said, that the obnoxious portion of the clause had not been withdrawn either courteously or generously, because, although the right hon. Baronet made a speech which was rather that of a philosopher than a statesman, there was in it a great deal of sneering and cynical observation upon the Opposition on the part of religious bodies to this census. The right hon. Gentleman said that there was an instinctive feeling or sentiment against this clause, and he likened it to the instinctive feeling which he said animated George III. to refuse to consent to Catholic emancipation. That was a most unjust and unsound illustration. George III. told Mr. Pitt from an instinctive feeling, that his yacht was ready, and that he was prepared to start for Hanover if emancipation was pressed. He might remind the right hon. Baronet that Home Tooke wrote that what was called firmness in a king was called obstinacy in a donkey, and he therefore thought that this allusion to the instinctive feeling of George III. was an unjust sneer upon a great body of persons who had from conscientious motives opposed this census. The right hon. Gentleman was "willing to wound but yet afraid to strike." Had the provision been proposed by the Conservative party, those who remained of the effete body of the Whigs would have raised the cry of civil and religious liberty throughout the country, and would have made great capital of it; but being in office the right hon. Baronet and his colleagues endeavoured to pass the matter by with a sneer. The noble Lord the Member for Stamford (Lord R. Cecil) compared the compulsion to declare religious opinions with the compulsion of a trader to exhibit his books. Why, a trader was responsible to his creditors for all the property which he had received, and was therefore bound to show his hooks. Again, the noble Lord, as a sort of satire upon the question, said that if a lady was asked her age she would not answer.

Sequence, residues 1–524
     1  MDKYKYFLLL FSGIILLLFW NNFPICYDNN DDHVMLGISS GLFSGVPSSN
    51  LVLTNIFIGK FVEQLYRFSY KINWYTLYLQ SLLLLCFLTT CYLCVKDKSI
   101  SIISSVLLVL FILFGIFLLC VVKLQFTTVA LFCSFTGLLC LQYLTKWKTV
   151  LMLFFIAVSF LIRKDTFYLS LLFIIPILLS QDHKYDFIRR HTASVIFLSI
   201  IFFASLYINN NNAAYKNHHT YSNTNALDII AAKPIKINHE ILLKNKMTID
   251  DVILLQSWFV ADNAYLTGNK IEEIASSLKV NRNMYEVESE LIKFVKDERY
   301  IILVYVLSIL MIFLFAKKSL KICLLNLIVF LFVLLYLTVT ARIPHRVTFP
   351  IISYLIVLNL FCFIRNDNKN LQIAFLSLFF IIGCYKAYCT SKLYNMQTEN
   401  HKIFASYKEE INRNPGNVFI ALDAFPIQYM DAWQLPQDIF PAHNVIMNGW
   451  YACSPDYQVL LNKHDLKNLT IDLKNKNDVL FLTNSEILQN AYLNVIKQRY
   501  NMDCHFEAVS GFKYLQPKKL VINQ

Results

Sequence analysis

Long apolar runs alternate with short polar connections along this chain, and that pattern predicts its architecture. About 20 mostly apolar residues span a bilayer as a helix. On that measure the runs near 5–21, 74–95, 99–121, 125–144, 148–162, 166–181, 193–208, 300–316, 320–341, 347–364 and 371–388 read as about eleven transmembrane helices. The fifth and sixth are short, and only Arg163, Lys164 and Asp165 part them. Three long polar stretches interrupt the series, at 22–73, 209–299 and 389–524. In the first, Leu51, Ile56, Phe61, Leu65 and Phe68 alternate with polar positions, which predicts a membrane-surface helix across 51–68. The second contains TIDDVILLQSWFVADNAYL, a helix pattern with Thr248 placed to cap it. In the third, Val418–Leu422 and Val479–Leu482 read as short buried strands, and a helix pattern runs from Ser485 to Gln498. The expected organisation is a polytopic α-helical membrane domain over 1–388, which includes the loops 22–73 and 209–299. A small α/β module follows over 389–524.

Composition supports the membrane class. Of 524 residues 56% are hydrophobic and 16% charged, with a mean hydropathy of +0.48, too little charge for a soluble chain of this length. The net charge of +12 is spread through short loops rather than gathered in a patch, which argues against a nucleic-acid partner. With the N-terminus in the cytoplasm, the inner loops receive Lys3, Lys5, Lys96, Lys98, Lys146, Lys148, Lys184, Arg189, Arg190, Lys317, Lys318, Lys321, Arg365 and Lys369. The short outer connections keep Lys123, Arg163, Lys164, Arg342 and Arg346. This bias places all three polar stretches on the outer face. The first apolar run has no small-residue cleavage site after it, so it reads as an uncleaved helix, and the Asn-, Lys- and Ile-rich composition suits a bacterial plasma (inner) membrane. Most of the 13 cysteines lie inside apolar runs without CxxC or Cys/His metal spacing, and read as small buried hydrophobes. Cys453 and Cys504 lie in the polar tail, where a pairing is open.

explained that he said, that if a lady was asked her age and did not reply, every one knew what to think.


said, he was told that that was a plagiarism from the noble Lord at the head of the Government, from whom he would not be much surprised to hear such a jaunty sort of expression upon a question of religion, but what had it to do with the question before the House? He was sure that every one. would rejoice that this obnoxious clause had been withdrawn; but it appeared to him to have been withdrawn in a manner which was most ungracious to religious bodies who opposed it from an instinctive and natural feeling, upon which the Whigs, if in Opposition, would have traded, but at which, being in office, they sneered.